3. What inspired you to write crime fiction?

Reading crime fiction where good always seemed to conquer evil… where police caught their serial killer and convicted him… where justice was winning out in the end… because it clashed with my real life experience, where victims and witnesses were sometimes treated disrespectfully, where the guilty were sometimes getting off, and where innocent people were occasionally being convicted.

It motivated me to approach crime fiction from a different angle – ‘crime friction’ I call it, where things don’t always go to plan… Such issues tend to give rise to compelling stories, and these are the stories I want to tell.

4. What do you think makes a good crime novel?

A number of ingredients, in an enticing recipe. I like a story I can get into quickly and wonder where it might be going. I like surprises and moments that break conventions. I love good old fashioned whodunits too and well told murder stories, but it can be disappointing to discover that you’re reading something that someone else has written a hundred times before.

My favourite reads are those which feature original and interesting stories – the crime element often raises the stakes, but it’s the story which should keep you engrossed. All the minutia of life, and character, are just as important in crime fiction stories.

There is often humour in the darkest of places too, something I don’t think crime fiction writers should be scared of!

5. Who is your favourite fictional character?

I was fascinated by the characters of Exley and White in Ellroy’s LA Confidential. Their different backgrounds and approaches to their profession really drive the story and deliver a constant intrigue.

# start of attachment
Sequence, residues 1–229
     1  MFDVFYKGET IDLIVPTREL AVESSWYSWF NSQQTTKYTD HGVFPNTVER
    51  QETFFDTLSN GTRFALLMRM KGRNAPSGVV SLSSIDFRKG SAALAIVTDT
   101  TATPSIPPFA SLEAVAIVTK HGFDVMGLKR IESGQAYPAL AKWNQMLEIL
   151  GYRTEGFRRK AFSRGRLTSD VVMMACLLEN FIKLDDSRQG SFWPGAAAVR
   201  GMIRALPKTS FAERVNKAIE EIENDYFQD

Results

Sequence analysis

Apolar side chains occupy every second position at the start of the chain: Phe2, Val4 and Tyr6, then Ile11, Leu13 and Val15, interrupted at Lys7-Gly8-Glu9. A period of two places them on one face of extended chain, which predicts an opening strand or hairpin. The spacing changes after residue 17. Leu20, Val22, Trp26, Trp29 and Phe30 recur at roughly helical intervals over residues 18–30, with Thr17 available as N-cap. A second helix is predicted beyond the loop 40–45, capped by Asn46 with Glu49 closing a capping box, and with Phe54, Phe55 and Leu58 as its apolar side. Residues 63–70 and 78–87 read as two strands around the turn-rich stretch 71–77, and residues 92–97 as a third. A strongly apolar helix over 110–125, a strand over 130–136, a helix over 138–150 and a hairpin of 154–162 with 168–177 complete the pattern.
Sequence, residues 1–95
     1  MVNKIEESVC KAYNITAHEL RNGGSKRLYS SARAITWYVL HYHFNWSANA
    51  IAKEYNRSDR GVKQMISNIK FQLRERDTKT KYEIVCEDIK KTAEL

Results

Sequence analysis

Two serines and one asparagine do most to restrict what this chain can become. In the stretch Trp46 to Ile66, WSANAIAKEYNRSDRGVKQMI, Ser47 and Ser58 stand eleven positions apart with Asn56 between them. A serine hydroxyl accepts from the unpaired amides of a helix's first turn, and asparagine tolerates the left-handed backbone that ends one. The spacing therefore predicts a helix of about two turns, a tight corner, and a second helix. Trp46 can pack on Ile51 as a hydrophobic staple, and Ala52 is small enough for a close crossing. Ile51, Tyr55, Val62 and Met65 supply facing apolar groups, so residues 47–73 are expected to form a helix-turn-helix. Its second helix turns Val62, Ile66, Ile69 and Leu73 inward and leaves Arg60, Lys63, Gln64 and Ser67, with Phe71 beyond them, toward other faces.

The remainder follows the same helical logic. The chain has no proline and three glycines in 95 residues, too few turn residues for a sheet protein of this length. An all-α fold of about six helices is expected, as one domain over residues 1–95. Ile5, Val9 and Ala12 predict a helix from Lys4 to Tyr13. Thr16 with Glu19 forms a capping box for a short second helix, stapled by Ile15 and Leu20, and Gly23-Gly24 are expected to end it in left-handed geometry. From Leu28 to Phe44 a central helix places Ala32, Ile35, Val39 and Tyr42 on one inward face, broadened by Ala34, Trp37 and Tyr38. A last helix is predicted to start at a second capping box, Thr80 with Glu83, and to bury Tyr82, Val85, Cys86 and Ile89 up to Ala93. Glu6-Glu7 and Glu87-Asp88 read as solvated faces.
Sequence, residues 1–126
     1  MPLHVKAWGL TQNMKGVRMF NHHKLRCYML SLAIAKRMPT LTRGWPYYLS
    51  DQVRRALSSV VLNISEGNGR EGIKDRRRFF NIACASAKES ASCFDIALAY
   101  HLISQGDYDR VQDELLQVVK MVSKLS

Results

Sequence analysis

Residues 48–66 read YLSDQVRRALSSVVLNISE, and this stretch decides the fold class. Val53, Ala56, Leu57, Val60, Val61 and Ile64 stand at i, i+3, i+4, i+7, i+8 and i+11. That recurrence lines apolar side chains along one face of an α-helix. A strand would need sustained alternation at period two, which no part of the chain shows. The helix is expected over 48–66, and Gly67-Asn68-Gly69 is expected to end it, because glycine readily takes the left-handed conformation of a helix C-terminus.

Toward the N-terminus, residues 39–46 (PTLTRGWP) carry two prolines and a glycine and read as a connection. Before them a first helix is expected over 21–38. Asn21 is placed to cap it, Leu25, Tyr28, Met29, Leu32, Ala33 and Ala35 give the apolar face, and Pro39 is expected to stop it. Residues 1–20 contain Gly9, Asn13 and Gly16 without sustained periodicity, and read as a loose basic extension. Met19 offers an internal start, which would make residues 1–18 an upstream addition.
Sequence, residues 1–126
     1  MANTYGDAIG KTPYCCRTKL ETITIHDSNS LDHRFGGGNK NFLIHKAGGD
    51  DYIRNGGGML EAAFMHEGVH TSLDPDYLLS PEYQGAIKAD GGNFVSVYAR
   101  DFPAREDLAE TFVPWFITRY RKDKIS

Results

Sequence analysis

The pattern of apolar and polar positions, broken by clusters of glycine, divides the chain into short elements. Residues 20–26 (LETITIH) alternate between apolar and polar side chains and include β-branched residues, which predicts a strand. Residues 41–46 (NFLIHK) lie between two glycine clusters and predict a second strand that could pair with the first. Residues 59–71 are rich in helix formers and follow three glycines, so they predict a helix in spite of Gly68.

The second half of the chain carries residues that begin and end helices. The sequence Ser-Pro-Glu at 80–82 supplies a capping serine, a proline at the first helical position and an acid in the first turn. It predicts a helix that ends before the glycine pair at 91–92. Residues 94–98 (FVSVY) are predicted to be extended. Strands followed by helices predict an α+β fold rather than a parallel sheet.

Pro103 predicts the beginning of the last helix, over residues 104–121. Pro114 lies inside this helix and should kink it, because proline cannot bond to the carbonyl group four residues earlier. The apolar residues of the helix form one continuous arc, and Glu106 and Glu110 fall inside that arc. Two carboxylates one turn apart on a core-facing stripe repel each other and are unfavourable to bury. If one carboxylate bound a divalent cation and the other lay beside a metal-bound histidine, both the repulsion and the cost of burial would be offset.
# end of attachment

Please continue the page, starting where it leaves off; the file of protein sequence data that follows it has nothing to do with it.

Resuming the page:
I think my favourite character is probably Tom Ripley. I admire Patricia Highsmith’s work and her studies of good and evil. Much of the intrigue comes from the moral ambiguities within her characters, who are endlessly fascinating.

6. Which three crime fictional characters would you invite for Christmas dinner?

Well Tom Ripley of course, but I probably wouldn’t ask him to pass the carving knife. Clarice Starling might be there, so too Philip Marlowe… and Scooby Doo could have the leftovers.

7. Who has most influenced you as a writer?

Probably Highsmith the most… but also Ellroy and Leonard too.

8. Which book do you wish you had written?

I’ve been asked that before and it always makes me feel slightly uncomfortable. I wouldn’t want to have written anybody else’s work. Still, having said that, if I’d woken up one morning and written Strangers On A Train in my sleep I’d be pretty happy!

9. James Ellroy wrote a 700-page outline before he sat down to write his last book. What type of writer are you? A ‘plotter’ or ‘lets just see what happens’?

I’m pretty sure I read somewhere that Ellroy’s ‘700 page outline’ was in essence a first draft of the book, which he used as his template. Anyway, much as I admire his work, his stories perhaps more than his style, it has to be each to their own! I can’t imagine not having a general arc of a plot, and an ending to work towards, but apart from that I’m pretty liberal in letting the characters shape the journey.